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How would one interpret eigenvalues and eigenvectors? I tried googeling, but could find anything concrete. If i have an matrix consisting of the basis vectors x((3,1),(2,2)) for $\mathbb{R}^4$ and to eigenvalues 4 and -4. What does this mean geometric? I am looking for an intuitive way to visualise it.

Estalito
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    [How to intuitively understand eigenvalue and eigenvector?](http://math.stackexchange.com/questions/243533/how-to-intuitively-understand-eigenvalue-and-eigenvector), [What is the importance of eigenvalues/eigenvectors?](http://math.stackexchange.com/questions/23312/what-is-the-importance-of-eigenvalues-eigenvectors), [What exactly are eigen-things?](http://math.stackexchange.com/questions/300145/what-exactly-are-eigen-things), [A simple explanation of eigenvectors...](http://math.stackexchange.com/questions/36815/a-simple-explanation-of-eigenvectors-and-eigenvalues-with-big-picture-ideas-of) –  Nov 26 '16 at 23:13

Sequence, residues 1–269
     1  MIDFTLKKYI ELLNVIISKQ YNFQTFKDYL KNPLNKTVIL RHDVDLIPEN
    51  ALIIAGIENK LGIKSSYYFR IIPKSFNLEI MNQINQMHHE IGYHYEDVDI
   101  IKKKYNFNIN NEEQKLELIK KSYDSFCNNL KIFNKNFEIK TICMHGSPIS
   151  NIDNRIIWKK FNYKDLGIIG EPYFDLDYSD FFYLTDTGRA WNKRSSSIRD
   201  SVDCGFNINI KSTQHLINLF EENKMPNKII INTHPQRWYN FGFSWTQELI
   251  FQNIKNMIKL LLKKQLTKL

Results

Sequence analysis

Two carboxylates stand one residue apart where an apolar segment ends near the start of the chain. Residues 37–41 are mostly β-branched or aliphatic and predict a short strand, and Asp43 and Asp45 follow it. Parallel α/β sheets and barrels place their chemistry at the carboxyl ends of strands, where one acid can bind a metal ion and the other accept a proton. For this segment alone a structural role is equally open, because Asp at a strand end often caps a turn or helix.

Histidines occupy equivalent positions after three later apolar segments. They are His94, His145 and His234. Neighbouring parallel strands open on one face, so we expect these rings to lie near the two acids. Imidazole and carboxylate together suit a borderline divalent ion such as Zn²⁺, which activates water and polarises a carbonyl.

• But the short answer is that eigenvectors are vectors whose direction stays the same under the action of the matrix. For instance $(0,1)^T$ maps to $(0,2)^T$ under $\pmatrix{1 & 0 \\ 1 & 2}$. Because $(0,1)^T$ is in the same direction as $(0,2)^T$, it means that $(0,1)^T$ is an eigenvector of the matrix. –  Nov 26 '16 at 23:16

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